Muscular Wasting and Disuse Atrophy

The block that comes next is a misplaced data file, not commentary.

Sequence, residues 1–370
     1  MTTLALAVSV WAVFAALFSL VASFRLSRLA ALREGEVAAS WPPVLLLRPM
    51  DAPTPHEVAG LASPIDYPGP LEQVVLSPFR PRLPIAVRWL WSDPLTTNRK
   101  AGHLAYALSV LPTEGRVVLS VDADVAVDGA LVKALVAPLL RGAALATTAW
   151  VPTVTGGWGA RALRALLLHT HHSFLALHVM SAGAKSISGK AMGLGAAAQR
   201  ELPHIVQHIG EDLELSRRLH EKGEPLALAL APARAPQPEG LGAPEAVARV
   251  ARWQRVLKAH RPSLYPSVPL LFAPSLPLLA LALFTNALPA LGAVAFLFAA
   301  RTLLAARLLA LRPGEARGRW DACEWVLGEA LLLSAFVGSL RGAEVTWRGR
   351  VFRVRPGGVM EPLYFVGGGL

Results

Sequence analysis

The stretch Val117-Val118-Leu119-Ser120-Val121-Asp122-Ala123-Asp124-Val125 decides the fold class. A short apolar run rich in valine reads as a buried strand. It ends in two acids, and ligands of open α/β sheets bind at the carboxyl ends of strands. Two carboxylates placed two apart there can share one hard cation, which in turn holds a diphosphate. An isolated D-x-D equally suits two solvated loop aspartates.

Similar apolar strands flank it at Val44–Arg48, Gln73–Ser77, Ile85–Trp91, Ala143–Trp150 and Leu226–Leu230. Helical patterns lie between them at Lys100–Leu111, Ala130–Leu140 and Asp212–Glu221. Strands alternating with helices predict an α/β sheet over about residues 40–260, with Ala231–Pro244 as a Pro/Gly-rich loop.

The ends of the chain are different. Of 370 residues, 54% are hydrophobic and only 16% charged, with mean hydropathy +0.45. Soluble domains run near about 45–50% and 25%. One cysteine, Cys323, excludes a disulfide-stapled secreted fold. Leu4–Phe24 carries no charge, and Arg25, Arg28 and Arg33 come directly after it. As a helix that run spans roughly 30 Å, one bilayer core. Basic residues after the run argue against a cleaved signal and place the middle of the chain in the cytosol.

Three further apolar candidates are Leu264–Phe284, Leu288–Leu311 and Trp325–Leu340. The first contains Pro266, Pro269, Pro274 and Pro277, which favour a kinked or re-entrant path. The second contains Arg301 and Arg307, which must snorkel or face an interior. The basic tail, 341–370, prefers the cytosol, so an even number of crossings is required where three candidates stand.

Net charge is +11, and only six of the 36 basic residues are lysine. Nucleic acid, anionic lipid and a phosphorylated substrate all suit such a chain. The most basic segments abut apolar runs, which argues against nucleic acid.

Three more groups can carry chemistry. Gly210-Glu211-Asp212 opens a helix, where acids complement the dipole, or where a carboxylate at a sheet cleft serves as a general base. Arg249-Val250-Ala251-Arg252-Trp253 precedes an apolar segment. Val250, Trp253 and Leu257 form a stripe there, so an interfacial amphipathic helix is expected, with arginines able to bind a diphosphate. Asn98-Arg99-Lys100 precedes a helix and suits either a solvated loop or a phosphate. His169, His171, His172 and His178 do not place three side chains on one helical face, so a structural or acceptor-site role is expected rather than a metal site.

Disuse atrophy—also known as muscle wasting—is characterized by muscle shrinkage and weakness due to inactivity. While it may begin as a mostly cosmetic issue, it can develop into a serious health problem over time. This condition can result from extended periods of immobility (e.g., while a certain body part is in a cast) or from a significant reduction of normal activity (e.g., being in a wheelchair and not being able to walk). In addition to limiting mobility, disuse atrophy can lead to heart problems as the muscle of the heart breaks down due to lack of exercise. Symptoms include weak and flabby muscle, difficulty performing certain tasks or activities, inability to hold correct posture, pain with movement, and stiffness and limited range of motion. Most people can reverse the effects of disuse atrophy by committing to an appropriate exercise regimen to stimulate muscle function and strengthening. Physical therapists can develop exercise programs tailored to a particular patient’s needs and abilities. In cases involving severe injury or debilitation, the clinical expertise of a qualified therapist is of the utmost importance as it is crucial that the patient engage in a program that will not put excessive stress on the heart and damaged muscles.